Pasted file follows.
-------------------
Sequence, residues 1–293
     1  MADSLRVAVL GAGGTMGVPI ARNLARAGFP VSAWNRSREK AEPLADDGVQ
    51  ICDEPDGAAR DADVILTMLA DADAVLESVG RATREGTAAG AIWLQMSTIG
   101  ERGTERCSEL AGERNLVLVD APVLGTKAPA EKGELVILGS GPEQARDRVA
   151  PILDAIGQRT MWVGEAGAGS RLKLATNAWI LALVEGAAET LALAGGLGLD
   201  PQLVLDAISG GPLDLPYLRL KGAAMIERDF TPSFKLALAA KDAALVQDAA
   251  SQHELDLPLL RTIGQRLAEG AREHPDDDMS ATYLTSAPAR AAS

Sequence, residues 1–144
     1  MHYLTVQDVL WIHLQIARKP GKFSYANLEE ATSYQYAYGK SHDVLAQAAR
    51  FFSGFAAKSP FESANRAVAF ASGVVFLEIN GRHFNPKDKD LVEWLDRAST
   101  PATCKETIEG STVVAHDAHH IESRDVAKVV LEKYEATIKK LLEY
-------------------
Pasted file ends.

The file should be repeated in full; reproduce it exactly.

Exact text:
Sequence, residues 1–293
     1  MADSLRVAVL GAGGTMGVPI ARNLARAGFP VSAWNRSREK AEPLADDGVQ
    51  ICDEPDGAAR DADVILTMLA DADAVLESVG RATREGTAAG AIWLQMSTIG
   101  ERGTERCSEL AGERNLVLVD APVLGTKAPA EKGELVILGS GPEQARDRVA
   151  PILDAIGQRT MWVGEAGAGS RLKLATNAWI LALVEGAAET LALAGGLGLD
   201  PQLVLDAISG GPLDLPYLRL KGAAMIERDF TPSFKLALAA KDAALVQDAA
   251  SQHELDLPLL RTIGQRLAEG AREHPDDDMS ATYLTSAPAR AAS

Sequence, residues 1–144
     1  MHYLTVQDVL WIHLQIARKP GKFSYANLEE ATSYQYAYGK SHDVLAQAAR
    51  FFSGFAAKSP FESANRAVAF ASGVVFLEIN GRHFNPKDKD LVEWLDRAST
   101  PATCKETIEG STVVAHDAHH IESRDVAKVV LEKYEATIKK LLEY